Deutsche Bank agreed to pay $258 million and fire six employees to resolve a New York and Federal Reserve investigation for sanctions violations from 1999 to 2006. The settlement is big news but ignores three key players who are continuing to investigate Deutsche Bank: the Justice Department; the Treasury Department’s Office of Foreign Assets Control (“OFAC”); and the Manhattan District Attorney’s Office.

Deutsche Bank has lots of troubles right now and these three key players are investigating sanctions violations, as well as a number of other issues. Everyone should expect more significant enforcement actions down the road from these additional enforcement agencies.

Deutsche Bank is under scrutiny for foreign exchange rate collusion and price manipulation; collusion and price manipulation of precious metals; dealings with mortgage- and asset-backed securities; and inadequate vetting of $6 billion in Russian transactions, referred to as “mirror trades.”

These investigations, in combination, raise more than enough concerns about any semblance of compliance at Deutsche Bank. To suggest that compliance plays any role at the bank is on its face laughable.

Add Deutsche Bank to the list of major offenders who have embraced a systemic ignorance of ethics and compliance. The bank, which is reeling already with new leadership being brought in, has a number of serious challenges that will take years to overcome.

The facts underlying the New York and Federal Reserve settlement display an overriding concern with financial benefits at the expense of any attention to legal or regulatory compliance.

Email traffic, cited in the settlements, showed how employees used various “tricks” to move money in and out of Iran, Libya, Syria, Myanmar and Sudan. The bank’s European staff resisted US staff’s attempts to ensure compliance. Surprisingly, European staff confided in customers that they were violating US law.

Over a seven-year period, the bank conducted over 27,000 illegal dollar-clearing transactions valued at over $10 billion.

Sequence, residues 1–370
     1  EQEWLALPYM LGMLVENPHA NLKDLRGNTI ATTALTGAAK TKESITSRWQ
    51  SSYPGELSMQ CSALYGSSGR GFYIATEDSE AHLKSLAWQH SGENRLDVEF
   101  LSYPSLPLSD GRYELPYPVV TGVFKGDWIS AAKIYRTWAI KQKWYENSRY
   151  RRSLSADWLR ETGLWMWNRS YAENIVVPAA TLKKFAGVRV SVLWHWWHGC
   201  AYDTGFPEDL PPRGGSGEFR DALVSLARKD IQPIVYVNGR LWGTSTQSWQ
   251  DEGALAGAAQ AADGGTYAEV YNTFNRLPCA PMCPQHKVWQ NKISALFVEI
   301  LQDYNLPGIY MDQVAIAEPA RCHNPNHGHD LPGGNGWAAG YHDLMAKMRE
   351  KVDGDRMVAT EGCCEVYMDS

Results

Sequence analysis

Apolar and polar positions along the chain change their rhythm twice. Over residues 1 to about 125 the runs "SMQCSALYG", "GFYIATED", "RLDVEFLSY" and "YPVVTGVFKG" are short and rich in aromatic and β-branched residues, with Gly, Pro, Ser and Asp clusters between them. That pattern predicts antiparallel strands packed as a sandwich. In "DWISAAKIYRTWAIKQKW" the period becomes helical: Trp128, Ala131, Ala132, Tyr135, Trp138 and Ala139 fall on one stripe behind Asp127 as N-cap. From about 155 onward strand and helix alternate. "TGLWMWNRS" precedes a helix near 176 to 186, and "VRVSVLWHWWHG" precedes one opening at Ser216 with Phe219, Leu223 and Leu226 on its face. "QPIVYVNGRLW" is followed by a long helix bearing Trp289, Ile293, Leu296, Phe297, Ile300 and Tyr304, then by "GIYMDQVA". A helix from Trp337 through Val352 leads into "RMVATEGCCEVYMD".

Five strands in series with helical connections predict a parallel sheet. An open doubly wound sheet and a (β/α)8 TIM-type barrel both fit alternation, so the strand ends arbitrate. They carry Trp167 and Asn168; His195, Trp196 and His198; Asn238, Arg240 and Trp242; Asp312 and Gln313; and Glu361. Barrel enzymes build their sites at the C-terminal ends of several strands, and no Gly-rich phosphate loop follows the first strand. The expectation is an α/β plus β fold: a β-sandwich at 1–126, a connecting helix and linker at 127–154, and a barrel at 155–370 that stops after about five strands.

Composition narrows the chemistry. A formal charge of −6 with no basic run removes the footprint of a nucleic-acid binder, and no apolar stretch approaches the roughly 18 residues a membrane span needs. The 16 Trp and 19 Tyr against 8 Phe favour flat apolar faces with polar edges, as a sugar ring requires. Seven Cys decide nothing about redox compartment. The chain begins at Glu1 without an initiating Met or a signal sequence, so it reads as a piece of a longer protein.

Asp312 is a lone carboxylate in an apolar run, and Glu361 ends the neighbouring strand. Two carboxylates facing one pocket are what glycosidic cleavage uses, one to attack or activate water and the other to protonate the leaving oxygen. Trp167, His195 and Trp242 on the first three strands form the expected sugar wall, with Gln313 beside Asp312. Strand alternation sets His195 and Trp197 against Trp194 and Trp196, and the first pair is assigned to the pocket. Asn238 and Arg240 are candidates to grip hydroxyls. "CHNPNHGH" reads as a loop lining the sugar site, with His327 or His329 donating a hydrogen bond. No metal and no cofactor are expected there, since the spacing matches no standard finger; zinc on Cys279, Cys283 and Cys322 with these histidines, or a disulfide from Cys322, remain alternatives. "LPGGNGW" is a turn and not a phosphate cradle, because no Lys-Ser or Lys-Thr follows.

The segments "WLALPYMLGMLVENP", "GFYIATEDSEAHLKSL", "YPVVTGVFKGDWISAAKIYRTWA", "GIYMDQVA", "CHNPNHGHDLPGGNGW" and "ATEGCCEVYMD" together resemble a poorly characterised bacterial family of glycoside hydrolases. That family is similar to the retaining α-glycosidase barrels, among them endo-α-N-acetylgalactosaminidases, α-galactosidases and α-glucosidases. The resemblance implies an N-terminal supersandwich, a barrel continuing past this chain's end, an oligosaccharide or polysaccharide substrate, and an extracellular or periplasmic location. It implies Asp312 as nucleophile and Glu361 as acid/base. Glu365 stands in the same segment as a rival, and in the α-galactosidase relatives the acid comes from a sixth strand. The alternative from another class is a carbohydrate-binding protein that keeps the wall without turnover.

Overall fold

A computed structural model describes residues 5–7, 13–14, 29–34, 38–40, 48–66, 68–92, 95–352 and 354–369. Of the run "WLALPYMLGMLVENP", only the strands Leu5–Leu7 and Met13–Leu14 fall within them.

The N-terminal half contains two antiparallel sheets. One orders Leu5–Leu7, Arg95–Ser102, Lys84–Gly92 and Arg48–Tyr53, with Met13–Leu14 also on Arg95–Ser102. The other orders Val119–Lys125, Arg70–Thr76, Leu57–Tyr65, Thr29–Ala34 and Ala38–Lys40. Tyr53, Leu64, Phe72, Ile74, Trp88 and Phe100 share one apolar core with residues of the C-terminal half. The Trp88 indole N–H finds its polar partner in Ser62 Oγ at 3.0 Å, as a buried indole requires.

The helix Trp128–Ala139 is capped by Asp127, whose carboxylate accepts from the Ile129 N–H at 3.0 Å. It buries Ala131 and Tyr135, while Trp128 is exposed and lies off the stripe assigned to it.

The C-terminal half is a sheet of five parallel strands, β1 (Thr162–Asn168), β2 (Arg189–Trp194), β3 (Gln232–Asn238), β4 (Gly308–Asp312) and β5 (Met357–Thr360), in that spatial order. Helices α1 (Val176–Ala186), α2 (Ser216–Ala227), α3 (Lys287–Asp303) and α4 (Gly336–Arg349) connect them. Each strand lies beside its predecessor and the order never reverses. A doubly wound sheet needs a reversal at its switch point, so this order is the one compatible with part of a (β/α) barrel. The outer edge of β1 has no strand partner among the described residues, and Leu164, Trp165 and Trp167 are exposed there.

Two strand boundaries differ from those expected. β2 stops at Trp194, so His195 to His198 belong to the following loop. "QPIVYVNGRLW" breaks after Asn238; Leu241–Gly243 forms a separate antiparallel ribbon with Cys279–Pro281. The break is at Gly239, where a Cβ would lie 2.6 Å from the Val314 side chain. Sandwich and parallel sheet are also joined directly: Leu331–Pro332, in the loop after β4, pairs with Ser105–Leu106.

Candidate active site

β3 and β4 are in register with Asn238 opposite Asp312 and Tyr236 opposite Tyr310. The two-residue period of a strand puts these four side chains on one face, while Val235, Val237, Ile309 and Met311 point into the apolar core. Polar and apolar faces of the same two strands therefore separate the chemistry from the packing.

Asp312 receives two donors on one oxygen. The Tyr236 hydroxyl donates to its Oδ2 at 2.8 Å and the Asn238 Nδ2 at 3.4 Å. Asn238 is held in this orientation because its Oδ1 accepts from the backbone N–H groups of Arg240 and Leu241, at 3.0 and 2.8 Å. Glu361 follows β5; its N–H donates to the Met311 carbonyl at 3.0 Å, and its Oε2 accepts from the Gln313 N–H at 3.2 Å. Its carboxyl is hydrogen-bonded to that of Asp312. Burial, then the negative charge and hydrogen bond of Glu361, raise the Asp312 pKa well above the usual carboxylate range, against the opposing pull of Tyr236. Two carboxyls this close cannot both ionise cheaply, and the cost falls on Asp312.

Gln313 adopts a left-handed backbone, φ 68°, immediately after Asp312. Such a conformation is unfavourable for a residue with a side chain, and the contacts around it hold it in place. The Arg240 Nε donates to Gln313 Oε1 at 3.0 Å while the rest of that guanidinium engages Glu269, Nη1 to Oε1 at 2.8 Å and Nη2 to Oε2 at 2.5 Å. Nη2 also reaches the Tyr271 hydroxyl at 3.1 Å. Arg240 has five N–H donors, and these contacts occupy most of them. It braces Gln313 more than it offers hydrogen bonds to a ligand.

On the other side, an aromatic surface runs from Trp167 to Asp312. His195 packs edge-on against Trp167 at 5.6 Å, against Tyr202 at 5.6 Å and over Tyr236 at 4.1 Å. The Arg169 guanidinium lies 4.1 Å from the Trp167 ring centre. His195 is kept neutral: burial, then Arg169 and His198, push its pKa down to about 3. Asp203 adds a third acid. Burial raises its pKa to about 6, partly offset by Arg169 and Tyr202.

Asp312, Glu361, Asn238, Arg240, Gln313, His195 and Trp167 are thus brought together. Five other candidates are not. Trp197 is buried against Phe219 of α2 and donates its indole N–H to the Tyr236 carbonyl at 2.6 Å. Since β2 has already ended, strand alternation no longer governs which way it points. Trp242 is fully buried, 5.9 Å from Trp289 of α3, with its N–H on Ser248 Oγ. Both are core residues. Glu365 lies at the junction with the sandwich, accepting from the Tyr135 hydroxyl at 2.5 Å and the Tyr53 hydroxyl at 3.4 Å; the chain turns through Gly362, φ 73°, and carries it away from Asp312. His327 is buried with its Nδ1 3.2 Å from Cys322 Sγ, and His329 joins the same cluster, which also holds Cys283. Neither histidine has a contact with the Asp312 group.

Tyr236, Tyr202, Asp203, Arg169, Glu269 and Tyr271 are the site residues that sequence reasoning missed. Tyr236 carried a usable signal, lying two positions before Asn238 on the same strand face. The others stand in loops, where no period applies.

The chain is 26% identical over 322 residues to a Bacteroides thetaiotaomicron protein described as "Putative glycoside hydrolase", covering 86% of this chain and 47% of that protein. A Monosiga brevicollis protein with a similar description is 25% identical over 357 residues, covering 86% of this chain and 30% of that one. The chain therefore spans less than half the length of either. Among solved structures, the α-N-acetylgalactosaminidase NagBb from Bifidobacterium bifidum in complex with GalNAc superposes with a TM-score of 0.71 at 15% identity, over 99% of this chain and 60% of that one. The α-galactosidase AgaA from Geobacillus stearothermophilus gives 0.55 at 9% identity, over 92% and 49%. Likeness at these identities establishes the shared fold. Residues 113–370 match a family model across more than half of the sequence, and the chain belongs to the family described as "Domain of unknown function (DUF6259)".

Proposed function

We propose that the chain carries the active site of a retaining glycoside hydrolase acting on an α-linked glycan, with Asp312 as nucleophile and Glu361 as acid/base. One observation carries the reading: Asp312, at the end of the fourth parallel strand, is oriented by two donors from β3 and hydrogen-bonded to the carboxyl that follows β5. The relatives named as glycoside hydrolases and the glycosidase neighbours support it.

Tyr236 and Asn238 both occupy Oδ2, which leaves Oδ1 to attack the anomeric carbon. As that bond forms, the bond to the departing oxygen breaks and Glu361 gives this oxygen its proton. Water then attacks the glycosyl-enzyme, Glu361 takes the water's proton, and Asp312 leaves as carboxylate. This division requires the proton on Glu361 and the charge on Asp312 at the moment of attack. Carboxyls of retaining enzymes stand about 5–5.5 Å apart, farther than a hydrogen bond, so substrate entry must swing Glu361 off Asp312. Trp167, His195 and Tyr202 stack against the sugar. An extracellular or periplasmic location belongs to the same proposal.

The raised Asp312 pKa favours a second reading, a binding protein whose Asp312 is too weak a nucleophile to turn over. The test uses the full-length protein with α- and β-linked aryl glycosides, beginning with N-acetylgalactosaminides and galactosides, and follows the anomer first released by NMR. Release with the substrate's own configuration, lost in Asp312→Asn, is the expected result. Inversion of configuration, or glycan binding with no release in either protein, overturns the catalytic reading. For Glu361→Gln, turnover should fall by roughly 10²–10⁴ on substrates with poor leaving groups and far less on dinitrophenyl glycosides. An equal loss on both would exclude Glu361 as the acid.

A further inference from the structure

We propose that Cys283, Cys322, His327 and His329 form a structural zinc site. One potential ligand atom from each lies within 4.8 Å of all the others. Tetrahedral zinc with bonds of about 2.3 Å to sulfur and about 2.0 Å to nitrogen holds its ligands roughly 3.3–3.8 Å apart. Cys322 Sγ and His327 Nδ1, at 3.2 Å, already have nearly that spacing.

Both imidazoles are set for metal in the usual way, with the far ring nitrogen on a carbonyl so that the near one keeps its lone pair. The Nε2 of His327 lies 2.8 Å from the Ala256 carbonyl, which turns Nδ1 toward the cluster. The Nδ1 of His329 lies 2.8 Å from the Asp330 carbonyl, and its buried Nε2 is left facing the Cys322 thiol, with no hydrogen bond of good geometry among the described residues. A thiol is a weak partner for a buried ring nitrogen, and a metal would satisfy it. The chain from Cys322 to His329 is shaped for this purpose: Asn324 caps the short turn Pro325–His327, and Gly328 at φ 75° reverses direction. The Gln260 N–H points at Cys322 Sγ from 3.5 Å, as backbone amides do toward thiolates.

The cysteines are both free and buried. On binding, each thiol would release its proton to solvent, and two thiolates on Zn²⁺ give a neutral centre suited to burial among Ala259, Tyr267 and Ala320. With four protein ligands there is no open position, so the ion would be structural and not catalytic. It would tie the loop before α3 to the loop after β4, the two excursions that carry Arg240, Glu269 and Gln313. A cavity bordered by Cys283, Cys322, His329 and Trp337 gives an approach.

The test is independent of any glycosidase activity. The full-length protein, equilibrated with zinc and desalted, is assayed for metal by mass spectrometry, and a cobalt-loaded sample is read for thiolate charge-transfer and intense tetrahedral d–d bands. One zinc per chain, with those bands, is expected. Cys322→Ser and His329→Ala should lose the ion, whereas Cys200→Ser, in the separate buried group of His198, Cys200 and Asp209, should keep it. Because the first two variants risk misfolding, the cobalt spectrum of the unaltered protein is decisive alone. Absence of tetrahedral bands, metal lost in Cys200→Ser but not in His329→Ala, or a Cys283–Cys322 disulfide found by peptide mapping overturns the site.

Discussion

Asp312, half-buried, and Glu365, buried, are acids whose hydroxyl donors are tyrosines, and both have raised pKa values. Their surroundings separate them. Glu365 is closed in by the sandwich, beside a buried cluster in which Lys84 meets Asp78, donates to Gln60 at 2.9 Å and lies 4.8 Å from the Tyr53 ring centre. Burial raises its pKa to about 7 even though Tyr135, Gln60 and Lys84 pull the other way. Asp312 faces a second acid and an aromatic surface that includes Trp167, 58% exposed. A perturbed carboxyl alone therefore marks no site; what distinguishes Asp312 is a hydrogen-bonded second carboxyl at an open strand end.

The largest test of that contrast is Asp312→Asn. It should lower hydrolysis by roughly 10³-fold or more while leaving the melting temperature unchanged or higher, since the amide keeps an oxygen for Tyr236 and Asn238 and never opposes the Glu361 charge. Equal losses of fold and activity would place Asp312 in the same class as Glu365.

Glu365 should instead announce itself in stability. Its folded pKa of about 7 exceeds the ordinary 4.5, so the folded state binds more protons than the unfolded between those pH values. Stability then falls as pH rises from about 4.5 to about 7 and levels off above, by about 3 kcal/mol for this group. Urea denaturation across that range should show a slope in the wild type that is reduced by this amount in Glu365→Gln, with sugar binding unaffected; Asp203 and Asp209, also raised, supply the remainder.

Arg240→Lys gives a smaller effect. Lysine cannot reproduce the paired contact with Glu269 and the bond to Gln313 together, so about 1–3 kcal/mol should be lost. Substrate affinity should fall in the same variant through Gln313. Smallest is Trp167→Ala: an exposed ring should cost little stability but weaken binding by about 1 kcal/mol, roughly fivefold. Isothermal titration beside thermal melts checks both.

European employees used techniques such as wire stripping and creating separate payment messages to keep information out of US bank employees hands. On occasion, employees conducted the transactions manually to avoid potential screening of illegal transactions. Clients were instructed to use code words in documents and emails to avoid potential problems.

One specific email cited says it all:

Let’s not revert to the client in writing due to the reputational risk involved if the e-mail goes to wrong places.  Someone should call [the client] and tell them orally and ensure that the conversation is not taped. . . . Let’s also keep this e-mail strictly on a ‘need-know’ basis, no need to spread the news…what we do under OFAC scenarios.

Staff handbooks even contained information on how to avoid detection by US staff of illegal transactions:

Special attention has to be given to orders in which countries/institutes with embargos are involved.  Banks under embargo of the US (e.g., Iranian banks) must not be displayed in any order to [Deutsche Bank New York] or any other bank with American origin, as the danger exists that the amount will be frozen in the USA.

The bank’s policy was to circumvent known US laws prohibiting such transactions.  Rest assured, DOJ, OFAC, and the Manhattan District Attorney’s Office will have a lot to say on this issue in the coming months.